[Review] The Wisdom Of Failure
There’s a Chinese proverb that says “failure is the mother of success”. The point is exactly what you think it says – there’s always a chance to learn from every failure you experience, and from it find success.
Thomas Edison also said this:
If I find 10,000 ways something won’t work, I haven’t failed. I am not discouraged, because every wrong attempt discarded is another step forward.
It is even more imperative for leaders of any stripe to be able to learn from failure. This is the premise of the book “The Wisdom of Failure: How to Learn the Tough Leadership Lessons Without Paying the Price“, authored by Laurence G. Weinzimmer and Jim McConoughey.
The book is based on a ground-breaking seven-year study that covers almost 1,000 managers across 21 industries about what they really think about learning from failures. It dissects the kinds of leadership, both good and bad, that can be found in different company cultures and distils the essence of what can be learned from those leadership behaviors.
These leadership styles – with real-life examples that will make the subjects squirm if they get to read this – will look very familiar to us. There’s the leader who’s obsessed by performance reviews, the perfectionist, the ones who aren’t equipped to deal with drama (bullying at the workplace, dysfunctional teams), the disengaged leader, the one’s who’s utterly self-absorbed or driven by irrational greed (chasing pennies with dollars). You’ll find yourself nodding a lot as you read through the book – especially when you have someone in mind when a certain leadership style is described – but more importantly, finding the right nuggets of dealing with such leaders.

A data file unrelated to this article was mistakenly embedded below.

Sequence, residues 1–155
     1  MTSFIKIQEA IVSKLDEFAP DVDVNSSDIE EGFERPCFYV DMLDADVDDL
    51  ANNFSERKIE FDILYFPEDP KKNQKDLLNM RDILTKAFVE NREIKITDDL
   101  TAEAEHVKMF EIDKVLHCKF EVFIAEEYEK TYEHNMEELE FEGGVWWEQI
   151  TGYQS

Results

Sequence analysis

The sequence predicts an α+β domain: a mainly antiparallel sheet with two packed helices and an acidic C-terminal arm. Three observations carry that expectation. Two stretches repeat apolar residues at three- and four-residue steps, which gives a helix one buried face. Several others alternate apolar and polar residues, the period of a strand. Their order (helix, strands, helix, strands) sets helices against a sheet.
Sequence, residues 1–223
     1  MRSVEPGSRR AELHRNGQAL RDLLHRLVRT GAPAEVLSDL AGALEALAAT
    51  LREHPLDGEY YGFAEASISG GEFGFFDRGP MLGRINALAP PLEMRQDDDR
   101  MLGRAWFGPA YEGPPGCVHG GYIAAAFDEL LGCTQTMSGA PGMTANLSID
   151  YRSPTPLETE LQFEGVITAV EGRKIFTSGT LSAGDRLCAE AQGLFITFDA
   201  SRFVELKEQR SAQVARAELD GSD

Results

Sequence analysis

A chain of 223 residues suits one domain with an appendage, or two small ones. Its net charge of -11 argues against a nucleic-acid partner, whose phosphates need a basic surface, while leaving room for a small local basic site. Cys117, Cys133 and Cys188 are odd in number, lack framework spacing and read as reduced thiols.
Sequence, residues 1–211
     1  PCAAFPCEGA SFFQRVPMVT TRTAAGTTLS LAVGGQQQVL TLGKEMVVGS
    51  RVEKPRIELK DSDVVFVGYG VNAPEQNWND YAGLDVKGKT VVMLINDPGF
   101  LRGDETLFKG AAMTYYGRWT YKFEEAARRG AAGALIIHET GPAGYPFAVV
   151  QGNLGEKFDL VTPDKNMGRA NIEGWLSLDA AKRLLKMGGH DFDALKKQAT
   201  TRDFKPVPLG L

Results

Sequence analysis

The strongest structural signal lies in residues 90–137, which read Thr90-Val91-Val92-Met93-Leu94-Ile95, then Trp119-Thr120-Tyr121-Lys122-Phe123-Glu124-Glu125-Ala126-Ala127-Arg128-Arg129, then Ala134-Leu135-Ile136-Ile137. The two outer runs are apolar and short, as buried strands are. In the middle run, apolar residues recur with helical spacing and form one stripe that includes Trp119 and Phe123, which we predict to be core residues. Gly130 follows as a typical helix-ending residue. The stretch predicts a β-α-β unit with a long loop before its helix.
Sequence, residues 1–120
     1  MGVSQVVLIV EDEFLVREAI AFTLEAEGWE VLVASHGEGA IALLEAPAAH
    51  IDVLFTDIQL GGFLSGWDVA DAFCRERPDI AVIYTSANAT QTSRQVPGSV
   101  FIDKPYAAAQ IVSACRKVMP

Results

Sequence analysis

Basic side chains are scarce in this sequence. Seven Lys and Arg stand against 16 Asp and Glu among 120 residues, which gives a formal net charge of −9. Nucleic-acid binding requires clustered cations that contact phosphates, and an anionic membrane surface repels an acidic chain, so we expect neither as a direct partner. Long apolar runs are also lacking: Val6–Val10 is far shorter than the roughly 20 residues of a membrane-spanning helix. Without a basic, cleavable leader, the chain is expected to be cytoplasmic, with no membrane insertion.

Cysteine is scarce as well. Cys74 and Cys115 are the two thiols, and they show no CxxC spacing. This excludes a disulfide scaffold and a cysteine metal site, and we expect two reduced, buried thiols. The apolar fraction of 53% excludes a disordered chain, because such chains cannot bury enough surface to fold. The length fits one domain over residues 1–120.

The best parts of “The Wisdom of Failure” come in the exclusive interviews with CEOs – from big companies to small businesses – where they candidly share about where and why they’ve gone wrong. It’s all very revealing, and if you’re a leader of an organization you may spot some of the symptoms they describe within your very own organization.
It’s all very well and good to say wisdom is learning from failure; I think it’s far more wise to learn from the mistakes of others so you don’t repeat them in your own experience. If you think this way too, you should pick up a copy of “The Wisdom of Failure“.
Daniel Goh is the founder and chief editor of Young | Upstarts, as well as an F&B entrepreneur. Daniel has a background in public relations, and is interested in issues in entrepreneurship, small business, marketing, public relations and the online space. He can be reached at daniel [at] youngupstarts [dot] com.